Constantly riding the blood sugar rollercoaster can make you moody, tired, and craving carbs. Repeated often enough, these peaks and dips can result in a cascade of inflammatory responses—insulin resistance, hormonal imbalance, weight gain, and unnecessary stress on the body. Furthermore, research shows that huge variability in blood sugar responses is also associated with gut bacteria imbalance.
for glucose balance, should you go low-carb?
This is one of the hottest debates in the nutrition world. Some believe that low-carbohydrate diets are key to balancing blood sugar, reversing insulin resistance, and weight loss. My two-cents? This is completely bio-individual. For the most, low-carb isn’t the answer. Rather, it’s about quality over quantity. I particularly don’t recommend it for women of reproductive age. Eating too few carbs puts stress on the adrenals and lowers sex hormone production. When you aren’t eating enough carbs, you’re like irritable, anxious, not sleeping well, and don’t have a menstrual cycle. Ultimately, carb tolerance is different for everyone. The only way to know is to play around and experiment with what works best for you. You can find your sweet spot by wearing a continuous glucose monitor!
how to achieve glucose balance
Below are four steps to help you achieve stable blood sugar, improve your insulin sensitivity, and either reverse or prevent diabetes.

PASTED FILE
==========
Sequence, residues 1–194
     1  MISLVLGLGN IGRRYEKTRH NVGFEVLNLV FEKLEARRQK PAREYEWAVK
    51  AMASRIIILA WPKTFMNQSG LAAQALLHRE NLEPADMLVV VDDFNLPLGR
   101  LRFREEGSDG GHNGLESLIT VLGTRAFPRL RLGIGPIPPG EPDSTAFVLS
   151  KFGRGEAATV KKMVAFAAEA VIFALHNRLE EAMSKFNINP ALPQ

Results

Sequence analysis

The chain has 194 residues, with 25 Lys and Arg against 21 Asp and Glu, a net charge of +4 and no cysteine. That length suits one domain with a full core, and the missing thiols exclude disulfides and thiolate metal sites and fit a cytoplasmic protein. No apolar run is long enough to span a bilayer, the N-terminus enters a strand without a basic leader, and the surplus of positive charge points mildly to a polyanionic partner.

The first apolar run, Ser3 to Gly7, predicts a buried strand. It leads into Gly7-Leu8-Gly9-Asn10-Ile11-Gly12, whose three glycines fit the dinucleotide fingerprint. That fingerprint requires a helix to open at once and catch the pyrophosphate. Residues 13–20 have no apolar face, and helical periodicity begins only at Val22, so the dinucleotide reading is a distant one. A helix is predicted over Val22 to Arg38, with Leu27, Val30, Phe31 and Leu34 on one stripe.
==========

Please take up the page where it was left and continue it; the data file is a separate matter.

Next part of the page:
1. Focus on a balanced, lower glycemic diet.
What—and how much—you eat is an extremely important factor in maintaining healthy blood sugar levels. Rather than cut carbs, choose more whole food forms of carbohydrates instead of super processed or refined ones. Choose whole grains like steel-cut or rolled oats, brown rice, quinoa, etc. Enjoy beans, legumes and starchy vegetables like sweet potatoes and squash. Furthermore, load up on omega-3 fats—salmon, mackerel, herring, sardines, walnuts, flaxseed, chia seeds, and soybeans—as well as high-quality protein. At every meal, you want to prioritize protein, healthy fats, non-starchy carbs (broccoli, eggplant, summer squash, bell peppers, etc.) and slow-digesting carbs (oats, quinoa, sweet potatoes, etc.). Lastly, eat meals at regular intervals (for most, that’s every 3-4 hours). Here’s a meal plan to get started!